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Biology
Completed Project

Identifying the Molecular Basis of the fs(1)234 Phenotype

Christa Ventresca, Vassar College ’17 and Prof. Nancy Pokrywka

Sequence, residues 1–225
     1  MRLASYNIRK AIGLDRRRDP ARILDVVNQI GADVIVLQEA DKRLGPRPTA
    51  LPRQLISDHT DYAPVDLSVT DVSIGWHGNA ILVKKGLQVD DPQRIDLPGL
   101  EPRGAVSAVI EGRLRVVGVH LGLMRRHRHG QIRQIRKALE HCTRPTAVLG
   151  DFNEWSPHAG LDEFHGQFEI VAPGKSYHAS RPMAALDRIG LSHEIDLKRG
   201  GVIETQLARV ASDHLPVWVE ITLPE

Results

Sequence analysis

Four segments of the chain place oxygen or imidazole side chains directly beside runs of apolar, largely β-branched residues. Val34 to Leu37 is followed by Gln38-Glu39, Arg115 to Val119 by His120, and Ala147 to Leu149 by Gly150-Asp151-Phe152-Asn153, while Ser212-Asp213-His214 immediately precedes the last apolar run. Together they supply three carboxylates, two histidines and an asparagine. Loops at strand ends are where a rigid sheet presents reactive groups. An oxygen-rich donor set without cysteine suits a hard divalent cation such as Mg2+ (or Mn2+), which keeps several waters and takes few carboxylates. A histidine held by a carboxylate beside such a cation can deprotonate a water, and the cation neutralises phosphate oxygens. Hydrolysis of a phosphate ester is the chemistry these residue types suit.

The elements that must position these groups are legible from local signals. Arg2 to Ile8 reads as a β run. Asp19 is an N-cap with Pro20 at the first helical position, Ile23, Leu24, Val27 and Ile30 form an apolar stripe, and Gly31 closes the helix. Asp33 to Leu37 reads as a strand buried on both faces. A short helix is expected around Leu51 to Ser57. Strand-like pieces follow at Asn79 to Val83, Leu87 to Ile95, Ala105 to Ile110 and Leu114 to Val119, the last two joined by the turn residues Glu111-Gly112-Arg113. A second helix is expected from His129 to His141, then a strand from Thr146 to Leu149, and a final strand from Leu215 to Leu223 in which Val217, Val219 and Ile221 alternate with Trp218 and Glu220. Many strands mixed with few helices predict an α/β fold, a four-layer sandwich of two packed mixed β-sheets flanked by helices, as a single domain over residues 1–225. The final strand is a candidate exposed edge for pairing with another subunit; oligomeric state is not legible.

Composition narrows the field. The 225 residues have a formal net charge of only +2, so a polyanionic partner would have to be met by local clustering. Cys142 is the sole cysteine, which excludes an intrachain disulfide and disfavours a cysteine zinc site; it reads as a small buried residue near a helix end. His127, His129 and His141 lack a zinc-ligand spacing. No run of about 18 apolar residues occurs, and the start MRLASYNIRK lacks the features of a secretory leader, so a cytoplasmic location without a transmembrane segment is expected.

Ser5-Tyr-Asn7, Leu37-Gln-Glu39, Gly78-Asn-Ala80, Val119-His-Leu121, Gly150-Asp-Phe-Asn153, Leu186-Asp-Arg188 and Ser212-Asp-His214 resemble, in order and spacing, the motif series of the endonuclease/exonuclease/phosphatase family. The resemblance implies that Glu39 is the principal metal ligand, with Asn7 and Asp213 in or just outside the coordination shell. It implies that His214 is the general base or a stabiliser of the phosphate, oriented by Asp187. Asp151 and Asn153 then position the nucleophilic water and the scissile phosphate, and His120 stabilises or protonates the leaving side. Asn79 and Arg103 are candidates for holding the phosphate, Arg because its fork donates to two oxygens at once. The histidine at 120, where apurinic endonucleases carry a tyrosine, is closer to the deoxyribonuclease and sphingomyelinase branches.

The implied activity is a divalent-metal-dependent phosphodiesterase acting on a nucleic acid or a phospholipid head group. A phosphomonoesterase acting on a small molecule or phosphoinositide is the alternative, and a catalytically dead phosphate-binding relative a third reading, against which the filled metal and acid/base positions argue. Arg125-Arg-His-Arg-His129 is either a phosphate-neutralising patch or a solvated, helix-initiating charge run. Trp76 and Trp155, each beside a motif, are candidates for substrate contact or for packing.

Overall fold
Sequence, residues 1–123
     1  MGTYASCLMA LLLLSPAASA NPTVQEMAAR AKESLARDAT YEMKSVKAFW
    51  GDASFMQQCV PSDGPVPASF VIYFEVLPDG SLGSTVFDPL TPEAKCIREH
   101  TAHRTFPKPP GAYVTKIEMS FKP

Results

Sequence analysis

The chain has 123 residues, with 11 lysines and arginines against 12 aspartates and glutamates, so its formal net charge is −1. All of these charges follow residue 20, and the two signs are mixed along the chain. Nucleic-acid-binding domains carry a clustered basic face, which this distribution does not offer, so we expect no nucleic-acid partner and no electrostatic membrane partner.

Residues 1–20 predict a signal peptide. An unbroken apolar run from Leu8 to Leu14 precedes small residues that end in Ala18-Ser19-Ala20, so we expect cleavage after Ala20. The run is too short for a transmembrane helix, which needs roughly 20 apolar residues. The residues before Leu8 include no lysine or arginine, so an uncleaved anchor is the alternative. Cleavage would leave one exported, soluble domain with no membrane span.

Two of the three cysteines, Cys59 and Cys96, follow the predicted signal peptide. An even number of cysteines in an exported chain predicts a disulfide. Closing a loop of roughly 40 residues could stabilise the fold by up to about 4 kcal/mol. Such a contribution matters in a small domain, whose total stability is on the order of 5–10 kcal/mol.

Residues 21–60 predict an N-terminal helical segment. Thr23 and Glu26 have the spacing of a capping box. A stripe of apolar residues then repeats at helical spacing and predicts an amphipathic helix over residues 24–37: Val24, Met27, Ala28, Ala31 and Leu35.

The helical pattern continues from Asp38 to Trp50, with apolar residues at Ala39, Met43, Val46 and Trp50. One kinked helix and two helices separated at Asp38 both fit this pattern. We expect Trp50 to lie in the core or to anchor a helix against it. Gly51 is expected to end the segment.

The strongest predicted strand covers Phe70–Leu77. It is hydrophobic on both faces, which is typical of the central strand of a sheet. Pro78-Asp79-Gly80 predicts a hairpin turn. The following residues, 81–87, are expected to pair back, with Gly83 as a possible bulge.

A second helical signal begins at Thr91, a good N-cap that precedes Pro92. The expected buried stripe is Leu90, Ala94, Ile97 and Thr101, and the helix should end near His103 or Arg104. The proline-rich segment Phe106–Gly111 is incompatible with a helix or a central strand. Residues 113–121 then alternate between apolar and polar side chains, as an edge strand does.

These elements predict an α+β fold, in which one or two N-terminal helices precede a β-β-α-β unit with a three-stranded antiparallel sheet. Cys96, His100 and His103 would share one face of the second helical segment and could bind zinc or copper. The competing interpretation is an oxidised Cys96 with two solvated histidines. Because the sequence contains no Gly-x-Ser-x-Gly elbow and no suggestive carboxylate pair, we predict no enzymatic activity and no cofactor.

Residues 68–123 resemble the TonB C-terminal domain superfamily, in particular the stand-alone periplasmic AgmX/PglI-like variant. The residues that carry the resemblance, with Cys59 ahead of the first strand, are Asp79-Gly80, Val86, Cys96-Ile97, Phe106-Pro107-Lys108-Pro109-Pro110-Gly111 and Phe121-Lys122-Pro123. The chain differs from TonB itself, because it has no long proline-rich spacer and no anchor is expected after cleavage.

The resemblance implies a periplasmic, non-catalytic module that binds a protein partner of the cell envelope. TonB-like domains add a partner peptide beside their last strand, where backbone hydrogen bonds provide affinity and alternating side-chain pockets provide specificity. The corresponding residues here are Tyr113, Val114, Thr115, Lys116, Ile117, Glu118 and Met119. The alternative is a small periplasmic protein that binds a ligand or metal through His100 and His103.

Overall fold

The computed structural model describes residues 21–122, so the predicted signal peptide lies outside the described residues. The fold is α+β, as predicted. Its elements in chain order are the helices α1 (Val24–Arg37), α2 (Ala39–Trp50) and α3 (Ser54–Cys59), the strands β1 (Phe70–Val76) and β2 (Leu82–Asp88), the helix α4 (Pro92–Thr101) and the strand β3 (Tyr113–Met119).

The fs(1)234 mutation causes sterility in female Drosophila melanogaster (Swan et al., 2001), because actin cell membranes within the germline of egg chambers break down during oogenesis between stages 2 and 9. Previous deletion mapping reduced the portion of the DNA containing this mutation to several candidate genes. The genes examined in this project included Rab18, Sirt4, CG4119, Tre1, and RpL35, which each code for proteins, and one noncoding region, CR45520. Each of these genes are located within the boundaries of the deletion mapping, were examined for mutations within the DNA, and were examined for mutations within the RNA levels as well. We amplified candidate regions by PCR and obtained the nucleotide sequence of the genes, comparing the fs(1)234 sequence with a control fs(1)186 sequence, as well as a reference sequence from FlyBase. Differences between the sequences would indicate a genetic mutation causing a change in Drosophila oogenesis. In addition to this, quantitative polymerase chain reaction (qPCR) technique was used to investigate differences in the RNA production of the genes as well. qPCR technique involves isolating the RNA from fs(1)234 and fs(1)186 flies, reverse transcribing the RNA to obtain cDNA, and then amplifying the sequence while measuring its output. This indicates the levels of RNA within the flies, and substantial differences in output would indicate a change in transcription levels altering the process of oogenesis. By the end of this project, the majority of the DNA within this region was sequenced, but no nucleotide changes or mutations were revealed. Similarly, the qPCR data found did not show significant changes in the expression of the genes.